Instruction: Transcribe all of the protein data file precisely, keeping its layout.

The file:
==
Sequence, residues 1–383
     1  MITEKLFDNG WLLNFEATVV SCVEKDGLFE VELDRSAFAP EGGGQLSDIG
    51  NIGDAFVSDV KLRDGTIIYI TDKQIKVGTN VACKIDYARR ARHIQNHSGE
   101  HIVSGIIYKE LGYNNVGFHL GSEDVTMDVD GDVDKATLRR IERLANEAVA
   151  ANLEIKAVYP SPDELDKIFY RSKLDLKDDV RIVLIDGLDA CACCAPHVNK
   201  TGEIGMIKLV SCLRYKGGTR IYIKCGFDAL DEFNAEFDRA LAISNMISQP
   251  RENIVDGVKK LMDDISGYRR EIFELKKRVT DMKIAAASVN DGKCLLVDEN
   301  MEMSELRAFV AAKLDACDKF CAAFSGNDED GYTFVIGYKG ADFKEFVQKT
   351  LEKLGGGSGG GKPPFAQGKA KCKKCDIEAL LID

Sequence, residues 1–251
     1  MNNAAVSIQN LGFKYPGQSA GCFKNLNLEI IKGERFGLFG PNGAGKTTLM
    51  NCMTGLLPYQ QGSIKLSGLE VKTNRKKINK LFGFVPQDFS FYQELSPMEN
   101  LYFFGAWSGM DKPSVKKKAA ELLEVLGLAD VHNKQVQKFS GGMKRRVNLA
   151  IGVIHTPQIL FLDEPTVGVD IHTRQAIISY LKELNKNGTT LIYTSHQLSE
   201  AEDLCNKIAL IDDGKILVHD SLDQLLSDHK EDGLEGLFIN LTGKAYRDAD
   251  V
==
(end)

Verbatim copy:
Sequence, residues 1–383
     1  MITEKLFDNG WLLNFEATVV SCVEKDGLFE VELDRSAFAP EGGGQLSDIG
    51  NIGDAFVSDV KLRDGTIIYI TDKQIKVGTN VACKIDYARR ARHIQNHSGE
   101  HIVSGIIYKE LGYNNVGFHL GSEDVTMDVD GDVDKATLRR IERLANEAVA
   151  ANLEIKAVYP SPDELDKIFY RSKLDLKDDV RIVLIDGLDA CACCAPHVNK
   201  TGEIGMIKLV SCLRYKGGTR IYIKCGFDAL DEFNAEFDRA LAISNMISQP
   251  RENIVDGVKK LMDDISGYRR EIFELKKRVT DMKIAAASVN DGKCLLVDEN
   301  MEMSELRAFV AAKLDACDKF CAAFSGNDED GYTFVIGYKG ADFKEFVQKT
   351  LEKLGGGSGG GKPPFAQGKA KCKKCDIEAL LID

Sequence, residues 1–251
     1  MNNAAVSIQN LGFKYPGQSA GCFKNLNLEI IKGERFGLFG PNGAGKTTLM
    51  NCMTGLLPYQ QGSIKLSGLE VKTNRKKINK LFGFVPQDFS FYQELSPMEN
   101  LYFFGAWSGM DKPSVKKKAA ELLEVLGLAD VHNKQVQKFS GGMKRRVNLA
   151  IGVIHTPQIL FLDEPTVGVD IHTRQAIISY LKELNKNGTT LIYTSHQLSE
   201  AEDLCNKIAL IDDGKILVHD SLDQLLSDHK EDGLEGLFIN LTGKAYRDAD
   251  V